For the last month I have been experimenting with how to make keto chewy chocolate chip cookies.
I researched and attempted many recipes that are floating around on the internet. The number of times my batches went in the garbage makes me cringe how many chocolate chips went to waste. They either came out too dry or had no flavor to them. Then there were the batches that never even baked at all, they came out of the oven looking like jello. This recipe was the bane of my existence so I was determined to figure this out!
The Secret to Keto Chewy Chocolate Chip Cookies
First off many of the recipes I ran across used Blackstrap Molasses for flavor. Of course I was not about to add sugar to my recipe, despite it being a “very small amount of sugar per cookie”. I wanted to keep these cookies true to the keto lifestyle.
My first secret ingredient is changing the form of golden monk fruit I was using. I tried Swerve which always has a weird taste afterward. I also tried Lakanto but it is very dry and granular in texture. Enter So Nourished Golden Monk Fruit Erythritol Blend. Coming out of the bag it has that soft, almost “wet”, feel that you get when you open a bag of real brown sugar.
Next comes the secret ingredient missing in so many of the recipes I had tried. Beef Gelatin!
Yes, I know, sounds crazy to add beef to a cookie, but this is what gives your cookie even more flavor. Plus the gelatin is what causes the cookie to have that amazing chewy texture. And yes, you want to use beef gelatin, not unflavored (trust me I have tried it both ways and the beef gelatin makes all the difference).
Lastly, by adding both granular and golden Monk Fruit you get more of that traditional cookie flavor. After all traditional cookies use both so all of the recipe out there only adding one have missed this tasty little step!
Now you can make the perfect, chewy, chocolate chip cookies like the ones your grandam used to bake. You can feel safe enjoying these low-carb cookies without worrying about falling out of ketosis!
- 1 large egg (room temperature)
- 3 tbsp softened butter
- 1 tsp vanilla extract
- 1/3 cup granular Monk Fruit
- 1/3 cup golden Monk Fruit
- 2 cups almond flour (blanched, fine ground)
- 1 tbsp pastured beef gelatin
- 1/2 tsp baking soda
- 1/4 tsp Redmond’s Sea Salt
- 1/3 cup milk unsweetened almond milk
- 1 cup chopped Lily’s Sugar-Free Dark Chocolate Chips
- Preheat oven to 350F and line a baking sheet with parchment paper.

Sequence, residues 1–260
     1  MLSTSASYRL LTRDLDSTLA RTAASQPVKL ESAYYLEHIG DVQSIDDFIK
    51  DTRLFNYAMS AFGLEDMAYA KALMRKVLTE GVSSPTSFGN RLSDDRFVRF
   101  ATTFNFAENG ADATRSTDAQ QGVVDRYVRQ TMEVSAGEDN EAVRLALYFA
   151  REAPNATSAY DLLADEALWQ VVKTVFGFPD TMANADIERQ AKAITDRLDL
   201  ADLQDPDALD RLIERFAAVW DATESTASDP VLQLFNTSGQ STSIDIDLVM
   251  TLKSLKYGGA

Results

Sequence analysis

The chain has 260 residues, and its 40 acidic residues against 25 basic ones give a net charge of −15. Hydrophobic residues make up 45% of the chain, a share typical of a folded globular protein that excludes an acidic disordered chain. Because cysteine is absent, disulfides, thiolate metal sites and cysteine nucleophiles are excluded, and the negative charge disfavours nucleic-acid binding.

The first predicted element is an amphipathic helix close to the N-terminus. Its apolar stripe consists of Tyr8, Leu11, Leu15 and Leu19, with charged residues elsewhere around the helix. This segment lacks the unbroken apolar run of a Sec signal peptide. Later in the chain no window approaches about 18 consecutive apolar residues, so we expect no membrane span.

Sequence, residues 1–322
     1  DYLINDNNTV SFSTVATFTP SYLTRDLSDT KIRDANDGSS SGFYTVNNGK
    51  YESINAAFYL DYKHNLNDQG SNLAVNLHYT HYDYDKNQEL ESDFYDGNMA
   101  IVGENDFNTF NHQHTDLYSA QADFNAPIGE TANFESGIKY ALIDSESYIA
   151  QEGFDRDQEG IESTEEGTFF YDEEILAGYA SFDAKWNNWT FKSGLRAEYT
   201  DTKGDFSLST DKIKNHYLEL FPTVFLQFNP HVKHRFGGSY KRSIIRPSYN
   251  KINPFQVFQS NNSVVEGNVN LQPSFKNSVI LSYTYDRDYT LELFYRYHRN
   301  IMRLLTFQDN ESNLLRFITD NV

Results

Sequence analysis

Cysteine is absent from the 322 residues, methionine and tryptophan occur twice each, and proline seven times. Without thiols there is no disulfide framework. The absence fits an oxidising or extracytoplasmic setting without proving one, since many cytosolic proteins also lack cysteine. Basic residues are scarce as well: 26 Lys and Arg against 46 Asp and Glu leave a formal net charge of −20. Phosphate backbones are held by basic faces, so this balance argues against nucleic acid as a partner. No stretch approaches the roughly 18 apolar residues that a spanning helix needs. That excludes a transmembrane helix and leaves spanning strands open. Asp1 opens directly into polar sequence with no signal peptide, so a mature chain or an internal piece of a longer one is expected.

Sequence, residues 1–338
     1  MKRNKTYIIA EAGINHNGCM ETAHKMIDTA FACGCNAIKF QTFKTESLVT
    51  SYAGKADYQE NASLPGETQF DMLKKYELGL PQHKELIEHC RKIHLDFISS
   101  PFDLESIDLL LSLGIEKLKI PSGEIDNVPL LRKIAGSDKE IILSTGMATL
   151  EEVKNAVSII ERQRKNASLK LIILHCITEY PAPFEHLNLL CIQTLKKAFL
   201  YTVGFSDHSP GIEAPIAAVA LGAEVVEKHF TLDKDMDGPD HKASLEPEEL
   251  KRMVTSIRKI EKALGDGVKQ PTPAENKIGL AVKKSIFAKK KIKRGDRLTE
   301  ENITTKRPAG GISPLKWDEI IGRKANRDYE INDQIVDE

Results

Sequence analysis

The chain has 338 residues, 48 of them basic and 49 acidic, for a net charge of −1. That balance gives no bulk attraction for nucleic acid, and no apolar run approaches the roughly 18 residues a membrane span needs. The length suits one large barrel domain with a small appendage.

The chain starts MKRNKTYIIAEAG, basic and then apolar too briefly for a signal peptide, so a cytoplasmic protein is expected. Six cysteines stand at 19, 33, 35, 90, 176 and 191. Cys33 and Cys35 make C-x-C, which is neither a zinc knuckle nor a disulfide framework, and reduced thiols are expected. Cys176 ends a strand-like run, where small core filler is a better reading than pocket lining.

- In a medium bowl, whisk egg until frothy. Keep whisking as you add in the butter, vanilla, and sweetener. Mix well.
- In separate bowl combine almond flour, baking soda, salt, and gelatin and mix together well.
- Then combine the wet and dry ingredients with a spatula until the dough is crumbly.
- Add in the milk, mix well until the dough comes together again.
- Once the dough is moist, add in the chocolate chips and fold it in.
- Using a medium cookie scoop or a tablespoon, scoop up a mounded tablespoon of the dough and shape it into a 1-inch ball. Repeat with the rest of dough, placing the dough balls on the lined baking sheet, 2 inches apart.
- Gently flatten the cookies with the palm of your hand or the back of a spoon.
- Bake 15 minutes or until the base of the cookies turns golden brown. Remove from oven, let cool for ten minutes. Enjoy!
I like to use my Stand Mixer for this recipe instead of doing it by hand. If using a stand mixer, follow the same directions as above making sure to combine the dry ingredients before adding to you mixing bowl. This makes sue your gelatin is evenly distributed throughout the batter for the best results.
Serving Size1 cookie
Amount Per Serving Calories 100Total Fat 9gSaturated Fat 2.5gTrans Fat 0gCholesterol 10mgSodium 65mgCarbohydrates 11gNet Carbohydrates 2gFiber 3gSugar 0gSugar Alcohols 6gProtein 3g
Where does the nutrition info come from? The information is hand calculated for accuracy using my brand of ingredients. Net carb count excludes fiber, erythritol and monk fruit because these do not affect blood sugar in most people. This information is provided as a courtesy. Varying factors such as product brands purchased can change the nutritional information in any given recipe. To obtain the most accurate representation of the nutritional information in any given recipe, you should calculate the nutritional information with the actual ingredients used in your recipe. You are solely responsible for ensuring that any nutritional information obtained is accurate.